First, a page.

Churches swamped as violence continues in Central African Republic
Catholic News Service photo
A woman displaced by religious violence braids the hair of her daughter at a hospital in Bossangao, Central African Republic, Jan. 1. Central African Republic church leaders are urging "more effective action" to control worsening violence, as Christians flee revenge attacks by Muslim rebels.
Catholic News Service
Church leaders in the Central African Republic report an increasing humanitarian crisis and warn that international forces, which have been in their country a month, had not secured law and order.
"The situation is very chaotic and worsening all the time," said Msgr. Cyriaque Gbate Doumalo, secretary-general of the Catholic bishops' conference.
"All our churches and parishes are inundated with displaced people, and some were unable to celebrate Christmas as a result. Whole districts of Bangui are deserted, while even those in the relative safety of Catholic centers are living in total fear," he told Catholic News Service.
Clashes continued in the capital between rival Christian and Muslim armed groups, despite the Dec. 8 arrival of 1,600 French paratroopers under a U.N. mandate.
Msgr. Doumalo told CNS Jan. 2 that Bangui Archbishop Dieudonne Nzapalainga had paid a morning visit to Bangui airport, where the church's Caritas charity was helping distribute food and shelter to more than 100,000 refugees.
However, he added that 12,000 more displaced civilians had sought refuge in Bangui's major seminary, while the bishops' conference secretariat was sheltering 600 people, half of them children. He said many children had been abandoned when their parents were killed or fled and were now without food and clothing and "at the mercy of armed groups."
In a Dec. 30 report, UNICEF said attacks on children in Bangui had "sunk to a new vicious low," adding that two had been beheaded in the violence.
"More and more children are being recruited into armed groups, and they are also being directly targeted in atrocious revenge attacks," Souleymane Diabate, UNICEF's representative to Central African Republic, confirmed in the report.
"Targeted attacks against children are a violation of international humanitarian and human rights law and must stop immediately. Concrete action is needed now to prevent violence against children," the report said.
Bishop Nestor-Desire Nongo Aziagbia of Bossangoa said conditions in the western provinces had "marginally improved" but cautioned that peace initiatives were being disrupted by "a few mostly young individuals." In a Christmas message, the bishop said the number of displaced seeking refuge at his Bossangoa residence had risen to almost 50,000.
"Both the Muslim and Christian communities are fearful of each other," Bishop Nongo told CNS by telephone Jan. 2. "But the two sides are at least living separately and can ensure their security more easily. In Bangui, the various communities are mixed together and heavily infiltrated by fighters from both sides."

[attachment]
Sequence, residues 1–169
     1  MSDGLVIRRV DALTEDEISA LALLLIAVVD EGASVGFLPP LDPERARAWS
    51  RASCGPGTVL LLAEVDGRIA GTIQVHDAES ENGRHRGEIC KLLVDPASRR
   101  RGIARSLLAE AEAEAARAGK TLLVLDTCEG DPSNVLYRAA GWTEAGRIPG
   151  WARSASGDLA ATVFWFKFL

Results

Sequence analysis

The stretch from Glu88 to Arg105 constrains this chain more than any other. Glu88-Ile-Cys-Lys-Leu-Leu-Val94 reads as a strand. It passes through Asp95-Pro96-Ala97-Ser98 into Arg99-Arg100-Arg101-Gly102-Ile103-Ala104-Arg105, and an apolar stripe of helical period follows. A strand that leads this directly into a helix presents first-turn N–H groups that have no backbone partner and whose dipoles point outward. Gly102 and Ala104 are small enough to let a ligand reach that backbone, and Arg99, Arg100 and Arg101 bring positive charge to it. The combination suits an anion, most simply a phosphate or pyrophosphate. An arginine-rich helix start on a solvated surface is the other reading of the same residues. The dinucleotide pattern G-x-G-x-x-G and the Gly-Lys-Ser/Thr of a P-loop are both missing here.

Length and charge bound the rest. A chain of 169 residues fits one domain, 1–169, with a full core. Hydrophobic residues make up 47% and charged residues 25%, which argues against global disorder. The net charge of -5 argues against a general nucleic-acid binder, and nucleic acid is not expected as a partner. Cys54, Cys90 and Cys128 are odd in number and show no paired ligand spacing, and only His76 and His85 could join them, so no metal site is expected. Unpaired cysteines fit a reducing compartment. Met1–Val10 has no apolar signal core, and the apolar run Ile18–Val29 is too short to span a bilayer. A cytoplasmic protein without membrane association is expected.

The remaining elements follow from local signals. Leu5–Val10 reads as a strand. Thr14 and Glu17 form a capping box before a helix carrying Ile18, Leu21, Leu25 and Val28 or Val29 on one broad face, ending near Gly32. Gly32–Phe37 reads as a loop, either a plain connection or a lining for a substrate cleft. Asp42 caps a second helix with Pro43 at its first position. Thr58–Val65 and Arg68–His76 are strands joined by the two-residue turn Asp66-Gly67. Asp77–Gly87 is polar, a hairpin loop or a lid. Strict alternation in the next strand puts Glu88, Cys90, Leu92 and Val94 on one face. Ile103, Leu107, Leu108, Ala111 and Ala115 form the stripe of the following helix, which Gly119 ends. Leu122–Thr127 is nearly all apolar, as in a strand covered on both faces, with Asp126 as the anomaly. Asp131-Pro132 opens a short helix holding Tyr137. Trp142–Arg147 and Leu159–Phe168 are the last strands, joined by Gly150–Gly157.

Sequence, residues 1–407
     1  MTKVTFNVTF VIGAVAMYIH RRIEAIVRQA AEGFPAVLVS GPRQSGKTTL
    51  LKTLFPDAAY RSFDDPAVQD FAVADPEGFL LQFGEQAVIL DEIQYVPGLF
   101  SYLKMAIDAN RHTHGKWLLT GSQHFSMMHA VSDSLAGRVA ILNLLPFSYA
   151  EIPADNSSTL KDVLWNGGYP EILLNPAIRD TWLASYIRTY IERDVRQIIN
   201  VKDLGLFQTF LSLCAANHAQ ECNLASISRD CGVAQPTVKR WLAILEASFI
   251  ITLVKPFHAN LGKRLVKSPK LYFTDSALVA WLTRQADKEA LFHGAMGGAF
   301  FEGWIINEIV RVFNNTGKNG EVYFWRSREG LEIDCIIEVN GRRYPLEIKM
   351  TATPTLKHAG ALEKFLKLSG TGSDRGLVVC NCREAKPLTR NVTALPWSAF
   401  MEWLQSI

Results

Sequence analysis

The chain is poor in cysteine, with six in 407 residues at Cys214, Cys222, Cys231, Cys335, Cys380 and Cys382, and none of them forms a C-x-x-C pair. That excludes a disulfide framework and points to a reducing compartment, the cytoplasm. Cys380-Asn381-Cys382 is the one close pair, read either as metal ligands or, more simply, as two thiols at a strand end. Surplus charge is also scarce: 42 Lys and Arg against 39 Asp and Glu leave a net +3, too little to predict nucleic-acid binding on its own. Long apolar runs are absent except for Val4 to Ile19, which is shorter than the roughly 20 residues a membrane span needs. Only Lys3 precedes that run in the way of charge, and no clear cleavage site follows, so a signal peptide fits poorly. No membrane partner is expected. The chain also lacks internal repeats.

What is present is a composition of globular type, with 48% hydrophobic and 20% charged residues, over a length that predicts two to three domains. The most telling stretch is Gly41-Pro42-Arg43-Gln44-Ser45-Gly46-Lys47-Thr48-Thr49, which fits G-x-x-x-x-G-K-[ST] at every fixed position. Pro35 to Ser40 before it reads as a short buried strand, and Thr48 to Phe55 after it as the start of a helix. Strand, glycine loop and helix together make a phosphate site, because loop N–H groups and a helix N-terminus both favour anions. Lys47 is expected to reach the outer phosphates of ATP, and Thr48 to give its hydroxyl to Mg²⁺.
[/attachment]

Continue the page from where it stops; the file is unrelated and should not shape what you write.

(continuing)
French and African troops have attempted to disarm militants from the rebel Seleka movement, after communal fighting in Bangui during December left around 1,000 dead, and 370,000, half the city's population, displaced. Around 785,000 people have been displaced within the country since violence erupted in December 2012, according to the U.N.
Seleka is composed partly of Arab-speaking Islamists from neighboring Chad and Sudan, who suspended the constitution after ousting President Francois Bozize last March.
A mostly Christian pro-Bozize militia, Anti-Balaka, increased revenge attacks on suspected Seleka sympathizers in Bozize's northwestern home region.
Msgr. Doumalo said most Seleka and Anti-Balaka fighters were wearing civilian clothes, making them hard to identify.
Bishop Nongo said some Bossangoa inhabitants had obtained food from local farms, but added that Christian women were still being routinely threatened and robbed by "armed thugs" when visiting shops in Muslim areas.
"We need a bigger peacekeeping mission here; the present force is plainly unable to cope or play an effective role," the bishop told CNS. "Without this, things are certain to get difficult. Unless the huge quantities of guns now in popular circulation are collected, people will continue killing each other."
In mid-November, Bishop Nongo traveled to Washington to testify before the House Subcommittee on Africa, Global Health, Global Human Rights and International Organizations, and he told CNS he was counting on the U.S. government to back the extension of a December U.N. resolution authorizing peacekeeping forces.
Bishop Nongo said the bishops' conference would issue a fresh peace appeal in mid-January, although most members would be unable to attend a planned Jan. 6-12 plenary in Bangui.
Central African Republic, population 4.4 million, is about 85 percent Christian and 12 percent Muslim.